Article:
Most members of the mutinous private military company are patriots, who were misled, the Russian leader said.
Russian President Vladimir Putin has offered a choice to the soldiers of the Wagner private military company involved in Saturday’s failed armed rebellion. They can either sign a contract with Russia’s Defense Ministry Ministry or other security agencies, return home or move to neighboring Belarus, the Russian leader said in a televised addressed.
“The overwhelming majority of the fighters and commanders of the Wagner group are also Russian patriots, devoted to their people and country. They proved this with their courage on the battlefield,” Putin said in his address on Monday evening.
The organizers of the insurrection “kept them in the dark and tried using them against their brothers in arms, with whom they fought shoulder to shoulder for the sake of the country and its future,” he said.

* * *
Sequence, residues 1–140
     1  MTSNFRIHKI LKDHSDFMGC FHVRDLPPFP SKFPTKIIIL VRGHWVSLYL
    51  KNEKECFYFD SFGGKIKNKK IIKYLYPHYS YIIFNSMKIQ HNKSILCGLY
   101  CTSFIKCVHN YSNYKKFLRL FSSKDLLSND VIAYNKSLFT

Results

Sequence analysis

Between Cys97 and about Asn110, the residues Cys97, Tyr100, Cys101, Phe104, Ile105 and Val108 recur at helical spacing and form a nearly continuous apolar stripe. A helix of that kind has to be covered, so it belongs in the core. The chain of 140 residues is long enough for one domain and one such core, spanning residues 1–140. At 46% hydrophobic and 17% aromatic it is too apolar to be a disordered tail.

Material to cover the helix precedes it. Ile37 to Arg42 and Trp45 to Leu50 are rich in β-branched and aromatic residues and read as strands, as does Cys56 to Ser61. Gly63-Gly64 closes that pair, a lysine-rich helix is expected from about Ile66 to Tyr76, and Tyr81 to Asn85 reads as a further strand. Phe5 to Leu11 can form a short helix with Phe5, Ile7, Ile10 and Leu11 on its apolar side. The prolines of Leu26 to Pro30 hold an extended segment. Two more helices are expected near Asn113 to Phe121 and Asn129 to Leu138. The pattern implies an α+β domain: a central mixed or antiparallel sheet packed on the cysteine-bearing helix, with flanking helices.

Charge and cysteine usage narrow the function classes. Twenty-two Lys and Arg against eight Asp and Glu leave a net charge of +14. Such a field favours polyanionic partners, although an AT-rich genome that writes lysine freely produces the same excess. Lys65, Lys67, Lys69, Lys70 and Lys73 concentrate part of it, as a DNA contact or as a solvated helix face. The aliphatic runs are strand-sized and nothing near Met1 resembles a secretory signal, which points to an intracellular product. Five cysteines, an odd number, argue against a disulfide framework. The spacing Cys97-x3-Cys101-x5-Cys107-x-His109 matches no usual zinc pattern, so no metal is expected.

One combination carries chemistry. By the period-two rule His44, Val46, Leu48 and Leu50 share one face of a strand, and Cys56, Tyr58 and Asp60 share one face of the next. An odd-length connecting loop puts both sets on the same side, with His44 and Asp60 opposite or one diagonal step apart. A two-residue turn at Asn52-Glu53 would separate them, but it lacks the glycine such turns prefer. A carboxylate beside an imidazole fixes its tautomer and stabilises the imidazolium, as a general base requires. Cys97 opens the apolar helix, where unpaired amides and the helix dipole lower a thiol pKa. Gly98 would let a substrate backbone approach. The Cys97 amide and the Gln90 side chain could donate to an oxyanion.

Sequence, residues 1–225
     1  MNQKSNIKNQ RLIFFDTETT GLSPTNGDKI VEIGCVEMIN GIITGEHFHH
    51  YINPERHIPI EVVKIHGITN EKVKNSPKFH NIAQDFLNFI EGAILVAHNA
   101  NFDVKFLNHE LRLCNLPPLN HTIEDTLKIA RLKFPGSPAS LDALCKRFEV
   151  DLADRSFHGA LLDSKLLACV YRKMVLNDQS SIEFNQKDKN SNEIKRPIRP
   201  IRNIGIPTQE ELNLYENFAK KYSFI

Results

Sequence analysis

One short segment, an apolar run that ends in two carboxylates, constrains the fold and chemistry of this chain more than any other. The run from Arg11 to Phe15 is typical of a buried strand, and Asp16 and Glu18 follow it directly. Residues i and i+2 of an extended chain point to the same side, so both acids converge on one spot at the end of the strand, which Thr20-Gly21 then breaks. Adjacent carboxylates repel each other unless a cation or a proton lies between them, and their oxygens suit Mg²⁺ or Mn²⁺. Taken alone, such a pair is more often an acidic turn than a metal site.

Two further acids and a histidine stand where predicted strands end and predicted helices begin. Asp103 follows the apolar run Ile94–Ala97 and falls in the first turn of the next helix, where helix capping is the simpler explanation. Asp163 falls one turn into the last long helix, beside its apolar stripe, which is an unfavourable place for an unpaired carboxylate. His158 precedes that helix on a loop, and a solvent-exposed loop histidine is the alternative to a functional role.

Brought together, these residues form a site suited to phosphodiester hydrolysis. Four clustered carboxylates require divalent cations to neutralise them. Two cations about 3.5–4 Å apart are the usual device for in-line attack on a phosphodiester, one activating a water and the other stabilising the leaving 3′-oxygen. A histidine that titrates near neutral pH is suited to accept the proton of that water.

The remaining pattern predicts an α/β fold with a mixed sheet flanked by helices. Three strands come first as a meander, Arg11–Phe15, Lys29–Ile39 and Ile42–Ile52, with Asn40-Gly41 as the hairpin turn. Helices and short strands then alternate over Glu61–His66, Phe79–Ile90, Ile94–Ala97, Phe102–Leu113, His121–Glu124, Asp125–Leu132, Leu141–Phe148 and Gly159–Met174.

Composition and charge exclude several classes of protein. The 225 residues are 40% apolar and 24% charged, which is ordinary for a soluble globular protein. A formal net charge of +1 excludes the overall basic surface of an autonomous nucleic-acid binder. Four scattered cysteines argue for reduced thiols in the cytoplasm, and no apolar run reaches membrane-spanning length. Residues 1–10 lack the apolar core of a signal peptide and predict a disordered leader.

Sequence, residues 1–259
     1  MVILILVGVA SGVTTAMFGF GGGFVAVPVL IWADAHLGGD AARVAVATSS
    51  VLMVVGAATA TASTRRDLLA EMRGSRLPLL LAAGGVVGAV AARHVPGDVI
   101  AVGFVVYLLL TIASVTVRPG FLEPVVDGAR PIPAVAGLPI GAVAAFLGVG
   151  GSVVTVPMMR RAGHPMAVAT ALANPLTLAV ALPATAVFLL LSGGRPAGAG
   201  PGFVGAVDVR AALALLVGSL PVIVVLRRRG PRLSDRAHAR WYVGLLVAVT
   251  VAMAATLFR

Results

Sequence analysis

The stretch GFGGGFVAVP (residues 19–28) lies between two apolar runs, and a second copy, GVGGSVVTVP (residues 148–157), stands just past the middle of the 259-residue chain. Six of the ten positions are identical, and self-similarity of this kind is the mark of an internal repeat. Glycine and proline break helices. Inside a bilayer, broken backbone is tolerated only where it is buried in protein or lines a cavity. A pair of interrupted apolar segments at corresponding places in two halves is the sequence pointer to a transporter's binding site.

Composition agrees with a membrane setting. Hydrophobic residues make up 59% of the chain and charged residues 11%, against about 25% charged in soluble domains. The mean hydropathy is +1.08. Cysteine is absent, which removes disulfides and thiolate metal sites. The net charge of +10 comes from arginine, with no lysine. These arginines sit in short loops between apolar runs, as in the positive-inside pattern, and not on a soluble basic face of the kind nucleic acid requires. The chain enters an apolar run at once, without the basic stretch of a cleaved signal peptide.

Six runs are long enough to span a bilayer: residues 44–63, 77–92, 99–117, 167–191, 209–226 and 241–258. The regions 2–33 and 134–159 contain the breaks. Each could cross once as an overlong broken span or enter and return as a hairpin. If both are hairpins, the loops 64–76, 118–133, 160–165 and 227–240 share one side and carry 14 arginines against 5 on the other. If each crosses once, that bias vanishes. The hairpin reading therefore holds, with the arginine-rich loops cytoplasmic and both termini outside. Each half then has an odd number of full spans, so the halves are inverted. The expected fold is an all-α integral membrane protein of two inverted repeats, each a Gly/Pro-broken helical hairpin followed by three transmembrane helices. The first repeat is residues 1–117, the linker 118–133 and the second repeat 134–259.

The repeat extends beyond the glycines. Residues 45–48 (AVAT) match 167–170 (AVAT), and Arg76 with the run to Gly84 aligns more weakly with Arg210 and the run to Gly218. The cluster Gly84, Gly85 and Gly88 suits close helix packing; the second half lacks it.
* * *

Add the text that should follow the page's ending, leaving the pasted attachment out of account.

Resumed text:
The Russian leader thanked the Wagner soldiers and commanders, who “stopped at the last line” and didn’t allow the “fratricidal bloodshed” to take place. He added that the promise he gave during negotiations to settle the crisis will be kept.
“You have the opportunity to sign a contract with the Defense Ministry and other law enforcement agencies or return to your family and friends. Anyone, who wants to, can go to Belarus,” Putin said, addressing the members of the private military company.
Wagner launched a major mutiny late on Friday on the order of its head, businessman Evgeny Prigozhin. The rebelling troops seized control of the Russian military’s Southern District headquarters in the city of Rostov-on-Don and sent a convoy towards Moscow.
The revolt came to a halt on Saturday night as Prigozhin announced that his men would be returning to their field camps following talks with Belarusian President Alexander Lukashenko. According to Minsk, the negotiations took place in close coordination with Putin.
Prigozhin, who said that he launched the insurrection because “they [the Defense Ministry] wanted to disband Wagner PMC,” will leave Russia and “go to Belarus” as a result of the deal, Kremlin spokesperson Dmitry Peskov said. The criminal case against Prigozhin will be dropped, with Wagner fighters, who took part in the mutiny, also avoiding prosecution, he added.